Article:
In the same way, have we let the Word to enter into our hearts? The Word of God, Christ Himself, Incarnate in the flesh, Who has given Himself, His Most Precious Body and Blood to us in the Eucharist? We may have accepted and received Him, but have we truly believed and have that faith we ought to have in Him? Have we committed ourselves to the Lord above all else, and resist the many temptations of worldly pleasures and glory, of fame and influence among other things that kept us away from truly being able to follow the Lord?

This Sunday, let us all spent some time to discern carefully, and to pray for the gift of Wisdom and for God to strengthen us all through the Holy Spirit, Whom He has sent to us to be our Guide and Helper. Let us all grow ever more in faith, and allow God to lead us down the path of righteousness, and no longer seeking just the temporary and impermanent pleasures of this world. Rather, let us seek the Lord and our true inheritance and glory in Him. May the Lord continue to guide us and bless us in our every efforts and endeavours, now and always. Amen.

Sunday, 10 October 2021 : Twenty-Eighth Sunday of Ordinary Time (Gospel Reading)

Liturgical Colour : Green

Mark 10 : 17-30

At that time, just as Jesus was setting out on His journey again, a man ran up, knelt before Him and asked, “Good Master, what must I do to have eternal life?”

Jesus answered, “Why do you call Me good? No one is good but God alone. You know the commandments : Do not kill, do not commit adultery, do not steal, do not bear false witness, do not cheat, honour your father and mother.” The man replied, “I have obeyed all these commandments since my childhood.”

Then Jesus looked steadily at him and loved him and He said, “For you, one thing is lacking. Go, sell what you have and give the money to the poor, and you will have riches in heaven. Then come and follow Me.” On hearing these words, his face fell and he went away sorrowful, for he was a man of great wealth.

Jesus looked around and said to His disciples, “How hard it is for those who have riches to enter the kingdom of God” The disciples were shocked at these words, but Jesus insisted, “Children, how hard it is to enter the kingdom of God! It is easier for a camel to go through the eye of a needle than for one who is rich to enter the kingdom of God.”

They were more astonished than ever and wondered, “Who, then, can be saved?” Jesus looked steadily at them and said, “For human beings it is impossible, but not for God; all things are possible with God.”

Peter spoke up and said, “We have given up everything to follow You.” Jesus answered, “Truly, there is no one who has left house or brothers or sisters, or father or mother, or children, or lands, for My sake and for the Gospel, who will not receive his reward.”

“I say to you : even in the midst of persecution, he will receive a hundred times as many houses, brothers, sisters, mothers, children, and lands in the present time, and in the world to come eternal life.”

Alternative reading (shorter version)

Mark 10 : 17-27

At that time, just as Jesus was setting out on His journey again, a man ran up, knelt before Him and asked, “Good Master, what must I do to have eternal life?”

Jesus answered, “Why do you call Me good? No one is good but God alone. You know the commandments : Do not kill, do not commit adultery, do not steal, do not bear false witness, do not cheat, honour your father and mother.” The man replied, “I have obeyed all these commandments since my childhood.”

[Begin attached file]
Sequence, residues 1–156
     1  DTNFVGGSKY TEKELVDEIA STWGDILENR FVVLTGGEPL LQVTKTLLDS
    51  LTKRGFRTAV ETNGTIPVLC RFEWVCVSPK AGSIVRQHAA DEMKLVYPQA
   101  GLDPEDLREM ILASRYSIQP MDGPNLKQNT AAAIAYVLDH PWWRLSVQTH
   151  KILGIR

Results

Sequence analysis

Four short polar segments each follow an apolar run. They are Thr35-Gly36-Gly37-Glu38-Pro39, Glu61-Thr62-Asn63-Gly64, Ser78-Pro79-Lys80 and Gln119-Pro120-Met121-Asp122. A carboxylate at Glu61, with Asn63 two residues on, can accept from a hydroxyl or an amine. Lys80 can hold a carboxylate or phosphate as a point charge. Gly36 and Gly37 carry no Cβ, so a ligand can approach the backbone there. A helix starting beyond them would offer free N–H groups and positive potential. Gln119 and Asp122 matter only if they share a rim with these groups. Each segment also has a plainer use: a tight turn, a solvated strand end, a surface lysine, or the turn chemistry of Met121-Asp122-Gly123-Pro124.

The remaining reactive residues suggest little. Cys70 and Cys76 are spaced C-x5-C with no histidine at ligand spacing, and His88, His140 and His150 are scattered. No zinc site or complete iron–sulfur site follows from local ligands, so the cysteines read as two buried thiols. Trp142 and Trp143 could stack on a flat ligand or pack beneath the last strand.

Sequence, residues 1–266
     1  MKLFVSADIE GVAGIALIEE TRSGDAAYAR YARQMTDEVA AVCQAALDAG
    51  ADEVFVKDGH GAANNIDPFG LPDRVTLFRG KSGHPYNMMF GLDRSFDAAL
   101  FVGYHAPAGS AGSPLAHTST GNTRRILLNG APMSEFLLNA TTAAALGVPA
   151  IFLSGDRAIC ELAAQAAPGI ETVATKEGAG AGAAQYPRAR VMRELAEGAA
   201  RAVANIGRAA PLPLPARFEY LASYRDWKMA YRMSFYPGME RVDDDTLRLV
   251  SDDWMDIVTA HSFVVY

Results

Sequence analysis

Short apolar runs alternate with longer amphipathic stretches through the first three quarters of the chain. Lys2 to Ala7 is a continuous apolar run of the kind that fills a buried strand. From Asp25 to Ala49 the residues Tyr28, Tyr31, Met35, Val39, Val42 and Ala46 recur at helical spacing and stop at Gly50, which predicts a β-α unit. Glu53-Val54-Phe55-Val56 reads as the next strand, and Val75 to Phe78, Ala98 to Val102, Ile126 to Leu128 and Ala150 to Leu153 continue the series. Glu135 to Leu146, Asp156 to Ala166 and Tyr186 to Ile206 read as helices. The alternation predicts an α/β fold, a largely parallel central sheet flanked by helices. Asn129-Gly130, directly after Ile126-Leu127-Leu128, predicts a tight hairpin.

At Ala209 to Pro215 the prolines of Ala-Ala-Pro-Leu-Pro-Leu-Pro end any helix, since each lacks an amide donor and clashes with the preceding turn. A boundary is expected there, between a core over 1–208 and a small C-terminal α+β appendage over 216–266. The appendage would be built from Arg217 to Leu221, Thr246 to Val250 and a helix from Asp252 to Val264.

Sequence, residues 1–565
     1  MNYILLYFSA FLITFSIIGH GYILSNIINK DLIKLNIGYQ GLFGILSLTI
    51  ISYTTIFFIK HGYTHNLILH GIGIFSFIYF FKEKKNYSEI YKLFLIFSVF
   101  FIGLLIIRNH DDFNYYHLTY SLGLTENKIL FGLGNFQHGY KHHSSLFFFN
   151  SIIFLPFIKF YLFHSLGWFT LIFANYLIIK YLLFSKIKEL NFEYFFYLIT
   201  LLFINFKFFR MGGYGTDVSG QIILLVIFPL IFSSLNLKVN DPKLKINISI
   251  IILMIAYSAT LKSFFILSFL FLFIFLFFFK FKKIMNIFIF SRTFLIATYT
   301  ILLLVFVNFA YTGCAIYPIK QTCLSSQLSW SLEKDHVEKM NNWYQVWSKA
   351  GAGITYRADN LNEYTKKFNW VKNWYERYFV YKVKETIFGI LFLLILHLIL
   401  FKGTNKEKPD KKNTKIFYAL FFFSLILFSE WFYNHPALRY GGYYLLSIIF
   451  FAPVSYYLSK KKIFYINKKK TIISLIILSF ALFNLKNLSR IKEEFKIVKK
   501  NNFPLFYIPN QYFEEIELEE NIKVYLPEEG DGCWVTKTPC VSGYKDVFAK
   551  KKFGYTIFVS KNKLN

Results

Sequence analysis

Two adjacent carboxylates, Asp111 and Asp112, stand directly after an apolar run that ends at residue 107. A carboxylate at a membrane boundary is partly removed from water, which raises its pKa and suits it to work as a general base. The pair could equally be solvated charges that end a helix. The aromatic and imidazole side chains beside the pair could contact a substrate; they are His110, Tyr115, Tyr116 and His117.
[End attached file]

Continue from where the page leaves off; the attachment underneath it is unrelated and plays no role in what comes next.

Then Jesus looked steadily at him and loved him and He said, “For you, one thing is lacking. Go, sell what you have and give the money to the poor, and you will have riches in heaven. Then come and follow Me.” On hearing these words, his face fell and he went away sorrowful, for he was a man of great wealth.

Jesus looked around and said to His disciples, “How hard it is for those who have riches to enter the kingdom of God” The disciples were shocked at these words, but Jesus insisted, “Children, how hard it is to enter the kingdom of God! It is easier for a camel to go through the eye of a needle than for one who is rich to enter the kingdom of God.”

They were more astonished than ever and wondered, “Who, then, can be saved?” Jesus looked steadily at them and said, “For human beings it is impossible, but not for God; all things are possible with God.”

Sunday, 10 October 2021 : Twenty-Eighth Sunday of Ordinary Time (Second Reading)

Liturgical Colour : Green

Hebrews 4 : 12-13

For the Word of God is living and effective, sharper than any two-edged sword. It pierces, to the division of soul and spirit, of joints and marrow, and judges the intentions and thoughts of the heart.

All creation is transparent to Him; everything is uncovered and laid bare, to the eyes of Him, to Whom we render account.

Sunday, 10 October 2021 : Twenty-Eighth Sunday of Ordinary Time (Psalm)

Liturgical Colour : Green

Psalm 89 : 12-13, 14-15, 16-17

So make us know the shortness of our life, that we may gain wisdom of heart. How long will You be angry, o YHVH? Have mercy on Your servant.

Fill us at daybreak with Your goodness, that we may be glad all our days. Make joy endure, as the misery did, and the years in which we were afflicted.

Let Your work be seen by Your servants and Your glorious power by their children. May the sweetness of YHVH be upon us; may He prosper the work of our hands.

Sunday, 10 October 2021 : Twenty-Eighth Sunday of Ordinary Time (First Reading)

Liturgical Colour : Green

Wisdom 7 : 7-11

I prayed and understanding was given to me; I asked earnestly and the Spirit of Wisdom came to me. I preferred her to sceptres and thrones and I considered wealth as nothing compared with her.

I preferred her to any jewel of inestimable value, since gold beside her is nothing but a few grains of sand, and silver but mud. I loved her more than wealth and beauty and even preferred her to light, because her radiance never dies.

She brought with her all other good things, untold riches in her hands.